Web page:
Fed report warns of “vulnerabilities” in US financial system

The semi-annual Financial Stability Report, issued by the US Federal Reserve on Thursday, has warned that the rising debt of hedge funds, much of which is not recorded by regulatory authorities, poses growing risks for the stability of the financial system.

The Federal Reserve in Washington [Credit: AP Photo/Patrick Semansky, File]

Key aspects of the report were highlighted in an introductory statement by Fed governor Lael Brainard, who chairs the Fed’s committee on financial stability. She noted that “vulnerabilities associated with elevated risk appetite are rising.”

The report said markets for short-term funding were now functioning normally, following the collapse of March 2020 and the turbulence of late February this year. However, “structural vulnerabilities at some nonbank financial institutions (NBFIs) could amplify shocks to the financial system in times of stress.”

In her statement, Brainard said valuations across a range of assets had continued to rise from their elevated levels of last year, with equity prices setting new highs. Relative to expected future earnings they were “near the top of their historical distribution.”

The appetite for risk had increased as the “meme stock” episode had demonstrated. This refers to the elevation of the share price earlier this year of the video games retailer GameStop, because of its promotion on Reddit and other social media platforms. This was despite the company’s business model experiencing significant difficulties.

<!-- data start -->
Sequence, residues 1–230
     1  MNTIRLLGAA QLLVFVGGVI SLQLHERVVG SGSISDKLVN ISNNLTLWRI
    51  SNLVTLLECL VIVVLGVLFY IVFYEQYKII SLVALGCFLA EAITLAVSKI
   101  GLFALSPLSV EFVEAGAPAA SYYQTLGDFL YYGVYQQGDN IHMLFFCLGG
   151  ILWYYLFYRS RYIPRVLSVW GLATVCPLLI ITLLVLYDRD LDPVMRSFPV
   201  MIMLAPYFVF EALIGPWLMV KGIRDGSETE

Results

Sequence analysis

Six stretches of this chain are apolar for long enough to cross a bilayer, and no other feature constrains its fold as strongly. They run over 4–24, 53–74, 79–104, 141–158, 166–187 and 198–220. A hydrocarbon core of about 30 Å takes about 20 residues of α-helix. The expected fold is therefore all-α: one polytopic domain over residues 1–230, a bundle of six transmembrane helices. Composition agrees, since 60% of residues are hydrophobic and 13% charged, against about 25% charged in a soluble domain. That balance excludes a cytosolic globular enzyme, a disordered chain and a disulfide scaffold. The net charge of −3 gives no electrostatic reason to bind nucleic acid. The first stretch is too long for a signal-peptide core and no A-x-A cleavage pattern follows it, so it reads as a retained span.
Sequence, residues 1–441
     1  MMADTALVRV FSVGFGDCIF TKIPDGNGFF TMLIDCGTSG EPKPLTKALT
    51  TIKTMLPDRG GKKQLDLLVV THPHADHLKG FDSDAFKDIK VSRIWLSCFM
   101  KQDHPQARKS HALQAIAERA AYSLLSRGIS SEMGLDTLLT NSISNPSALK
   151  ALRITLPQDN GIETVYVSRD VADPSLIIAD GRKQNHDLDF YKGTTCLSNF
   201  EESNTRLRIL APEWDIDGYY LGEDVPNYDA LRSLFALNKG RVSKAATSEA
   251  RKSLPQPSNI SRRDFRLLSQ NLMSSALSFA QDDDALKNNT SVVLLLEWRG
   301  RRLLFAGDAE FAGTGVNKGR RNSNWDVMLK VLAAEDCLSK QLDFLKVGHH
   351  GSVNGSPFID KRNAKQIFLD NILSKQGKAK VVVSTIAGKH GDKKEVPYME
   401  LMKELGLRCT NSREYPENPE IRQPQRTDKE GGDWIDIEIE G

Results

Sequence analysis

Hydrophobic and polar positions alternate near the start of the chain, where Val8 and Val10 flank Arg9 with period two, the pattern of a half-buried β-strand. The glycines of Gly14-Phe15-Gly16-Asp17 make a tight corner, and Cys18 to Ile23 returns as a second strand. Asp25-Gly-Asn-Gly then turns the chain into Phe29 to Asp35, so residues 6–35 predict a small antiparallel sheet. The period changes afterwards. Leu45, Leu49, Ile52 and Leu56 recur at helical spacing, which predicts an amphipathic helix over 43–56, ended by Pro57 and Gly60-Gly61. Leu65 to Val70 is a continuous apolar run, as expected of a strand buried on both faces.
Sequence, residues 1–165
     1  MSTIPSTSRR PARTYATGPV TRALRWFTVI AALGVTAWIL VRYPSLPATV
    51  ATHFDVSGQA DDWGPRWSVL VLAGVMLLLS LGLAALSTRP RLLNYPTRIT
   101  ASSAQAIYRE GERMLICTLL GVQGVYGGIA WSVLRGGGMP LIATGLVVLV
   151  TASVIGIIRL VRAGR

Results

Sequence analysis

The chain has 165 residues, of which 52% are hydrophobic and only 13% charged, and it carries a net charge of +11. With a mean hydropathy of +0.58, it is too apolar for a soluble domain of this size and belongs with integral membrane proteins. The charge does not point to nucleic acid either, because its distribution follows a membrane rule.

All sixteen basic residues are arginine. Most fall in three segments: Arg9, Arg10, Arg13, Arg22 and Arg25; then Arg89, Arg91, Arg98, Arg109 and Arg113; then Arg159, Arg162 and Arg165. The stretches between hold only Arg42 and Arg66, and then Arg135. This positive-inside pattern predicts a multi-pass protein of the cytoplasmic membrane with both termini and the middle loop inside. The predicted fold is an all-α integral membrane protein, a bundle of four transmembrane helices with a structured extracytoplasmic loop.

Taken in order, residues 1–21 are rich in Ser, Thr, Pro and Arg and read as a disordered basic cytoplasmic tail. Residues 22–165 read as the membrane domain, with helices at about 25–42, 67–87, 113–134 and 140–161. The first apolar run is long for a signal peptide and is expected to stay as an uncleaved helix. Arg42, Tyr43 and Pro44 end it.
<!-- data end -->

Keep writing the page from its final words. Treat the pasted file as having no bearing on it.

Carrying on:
Brainard said corporate bond markets were also seeing “elevated risk appetite” with the difference between the interest rates on lower quality speculative-grade bonds and that of Treasury bonds among the lowest ever seen.

“This combination of stretched valuations with very high levels of corporate indebtedness bear watching because of the potential to amplify the effects of a repricing event,” she said. In other words, a rapid downturn in one area of the market would be rapidly transmitted through the financial system.

Brainard pointed to the failure in March of the family-owned hedge fund Archegos Capital, leveraged by banks to the tune of $50 billion, and the associated losses suffered by those banks. It highlights, she said, “the potential for nonbank financial institutions such as hedge funds and other leveraged investors to generate large losses in the financial system.”

The Archegos event illustrated “the limited visibility into hedge fund exposures and serves as a reminder that available measures of hedge fund leverage may not be capturing important risks.”

Reading between the lines, the meaning of this statement is that the Fed is concerned that there are more Archegos Capitals out there, but it has no real idea of where they are or the level of bank exposure to them.

Brainard noted that the “potential for material distress at hedge funds to affect broader financial conditions underscores the importance of more granular, high-frequency disclosures.”

The report pointed to numbers of areas of potential instability and how it could be transmitted.